Hughes is the latest high-profile tech luminary to join the center’s leadership team, which has deep roots in Silicon Valley, starting with Harris, a former Apple software engineer who was a Google design ethicist and product philosopher. He left in 2014 to start a movement called Time Well Spent, using public venues like the TED conference and “60 Minutes” to make people more aware of how technology is used to steer behavior.
Companies like Facebook and Google offer their services for free. That means they depend on increasing time spent on their apps and websites to increase advertising revenue or to mine information about users’ habits and preferences. Behavior-changing technology became crucial as they competed with each other for the attention of users, Harris said in a recent interview with The Chronicle.
So, for example, seeing a red notification badge on Facebook has conditioned people to stop what they are doing, open the app and gain instant gratification by checking their feeds. Videos that play automatically encourage binge watching, which keeps viewers on YouTube or Netflix longer.
And Snapchat’s streak emoji encourages friends to launch the app at least once a day, which takes over as “the way you know that you are still friends,” Harris said.
Google and Twitter did not respond to requests for comment about the center. A Facebook representative cited a December post by two Facebook researchers who said the company has pledged $1 million for research into how media technologies affect well-being of youth. The post said Facebook is also investing in research “to better understand digital distraction and the factors that can pull people away from important face-to-face interactions.”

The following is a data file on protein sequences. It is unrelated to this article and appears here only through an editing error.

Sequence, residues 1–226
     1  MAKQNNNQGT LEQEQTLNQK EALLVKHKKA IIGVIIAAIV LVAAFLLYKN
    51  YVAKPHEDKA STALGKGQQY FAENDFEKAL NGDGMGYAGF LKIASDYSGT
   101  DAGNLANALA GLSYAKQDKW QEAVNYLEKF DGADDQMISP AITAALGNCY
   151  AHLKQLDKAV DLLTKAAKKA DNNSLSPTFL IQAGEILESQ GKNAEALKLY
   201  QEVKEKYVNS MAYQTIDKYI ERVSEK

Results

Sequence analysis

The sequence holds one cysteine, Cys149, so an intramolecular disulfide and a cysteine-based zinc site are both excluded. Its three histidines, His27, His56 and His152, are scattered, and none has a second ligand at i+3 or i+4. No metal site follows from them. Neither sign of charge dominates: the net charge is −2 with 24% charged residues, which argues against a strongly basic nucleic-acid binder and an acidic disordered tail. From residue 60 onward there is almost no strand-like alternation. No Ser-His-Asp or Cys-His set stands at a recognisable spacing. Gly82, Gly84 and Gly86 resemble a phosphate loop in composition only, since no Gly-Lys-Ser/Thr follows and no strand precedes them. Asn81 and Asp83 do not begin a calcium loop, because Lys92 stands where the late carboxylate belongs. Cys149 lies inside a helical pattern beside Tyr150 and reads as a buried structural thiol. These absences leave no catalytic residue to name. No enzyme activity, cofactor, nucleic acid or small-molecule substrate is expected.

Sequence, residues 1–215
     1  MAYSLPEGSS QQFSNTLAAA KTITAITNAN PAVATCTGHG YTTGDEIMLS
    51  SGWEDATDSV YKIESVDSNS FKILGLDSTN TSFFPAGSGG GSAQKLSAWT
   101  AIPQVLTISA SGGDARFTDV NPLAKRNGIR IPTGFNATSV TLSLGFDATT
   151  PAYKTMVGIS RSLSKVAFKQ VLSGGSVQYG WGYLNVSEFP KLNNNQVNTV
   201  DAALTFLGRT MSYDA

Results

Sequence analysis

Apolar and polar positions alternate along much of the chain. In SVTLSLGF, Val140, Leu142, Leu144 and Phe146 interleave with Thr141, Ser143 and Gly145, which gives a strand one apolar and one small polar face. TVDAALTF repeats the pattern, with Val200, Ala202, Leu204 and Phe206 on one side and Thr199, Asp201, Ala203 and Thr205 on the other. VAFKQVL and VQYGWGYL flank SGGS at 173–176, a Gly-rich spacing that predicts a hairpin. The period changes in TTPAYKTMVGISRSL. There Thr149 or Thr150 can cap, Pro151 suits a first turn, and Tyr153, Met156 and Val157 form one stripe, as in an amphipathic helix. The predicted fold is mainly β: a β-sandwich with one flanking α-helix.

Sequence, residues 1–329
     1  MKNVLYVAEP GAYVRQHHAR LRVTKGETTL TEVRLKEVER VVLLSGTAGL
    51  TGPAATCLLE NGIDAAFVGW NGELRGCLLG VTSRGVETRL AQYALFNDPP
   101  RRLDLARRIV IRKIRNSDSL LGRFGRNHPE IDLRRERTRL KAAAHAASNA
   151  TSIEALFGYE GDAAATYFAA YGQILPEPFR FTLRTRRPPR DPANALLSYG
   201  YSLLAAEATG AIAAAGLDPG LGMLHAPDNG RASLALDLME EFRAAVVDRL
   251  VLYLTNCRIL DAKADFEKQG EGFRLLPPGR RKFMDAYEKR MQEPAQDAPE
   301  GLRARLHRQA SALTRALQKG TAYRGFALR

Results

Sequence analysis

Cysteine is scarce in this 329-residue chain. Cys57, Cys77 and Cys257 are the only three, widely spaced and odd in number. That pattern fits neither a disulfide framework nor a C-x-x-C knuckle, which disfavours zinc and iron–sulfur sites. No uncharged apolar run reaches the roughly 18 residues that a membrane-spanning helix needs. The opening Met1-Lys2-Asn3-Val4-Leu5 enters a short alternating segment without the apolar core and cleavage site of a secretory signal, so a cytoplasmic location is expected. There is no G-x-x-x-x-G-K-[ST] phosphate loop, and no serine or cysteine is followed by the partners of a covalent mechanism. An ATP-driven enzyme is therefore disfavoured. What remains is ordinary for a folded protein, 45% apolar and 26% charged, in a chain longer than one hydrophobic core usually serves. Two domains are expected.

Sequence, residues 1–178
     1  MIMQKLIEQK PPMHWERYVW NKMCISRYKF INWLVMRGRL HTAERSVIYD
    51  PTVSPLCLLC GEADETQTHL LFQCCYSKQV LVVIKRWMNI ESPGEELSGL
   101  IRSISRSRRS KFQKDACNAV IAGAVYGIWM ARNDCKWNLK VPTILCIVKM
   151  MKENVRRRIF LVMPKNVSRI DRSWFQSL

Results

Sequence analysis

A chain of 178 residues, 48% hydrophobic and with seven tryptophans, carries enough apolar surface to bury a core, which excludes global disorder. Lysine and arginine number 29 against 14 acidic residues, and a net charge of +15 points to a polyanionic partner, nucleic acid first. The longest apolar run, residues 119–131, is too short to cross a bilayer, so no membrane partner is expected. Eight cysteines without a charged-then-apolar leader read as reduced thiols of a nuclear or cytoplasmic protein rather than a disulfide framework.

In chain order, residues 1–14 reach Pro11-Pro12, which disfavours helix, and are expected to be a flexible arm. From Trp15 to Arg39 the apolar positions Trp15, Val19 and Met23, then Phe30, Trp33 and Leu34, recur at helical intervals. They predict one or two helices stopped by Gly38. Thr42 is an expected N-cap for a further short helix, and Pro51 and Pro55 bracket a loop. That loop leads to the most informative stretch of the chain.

To be sure, ad-supported television, radio and newspapers also compete in what Hughes called the “attention economy.” But the rise of smartphones and social media has intensified the battle.
Tech addiction explains why people feel lost without their smartphones. A survey released in November by Deloitte found that the average American looks at a smartphone 47 times per day. Those ages 18 to 24 look at their phones 86 times per day, the survey said.
“It’s the first thing that we look at when we wake up, the last thing we look at before we go to sleep,” said Aza Raskin, center co-founder and former head of user experience for Firefox browser creator Mozilla. He also founded Internet radio startup Songza, which Google bought in 2014.
“This is like a middleman that sits between us and all of our friends,” said Raskin, whose father, the late Jef Raskin, was an Apple project manager credited as the father of the Macintosh. “So it controls our social interactions. We think we are in control because we are scrolling down the News Feed, but Facebook is the one deciding whose update we see, who we stay in close contact with.”
Elias Aboujaoude, a Stanford University clinical professor of psychiatry and behavioral sciences, applauded the center’s efforts, but noted that mental health experts like himself have been warning for years that technology is rewiring our brains.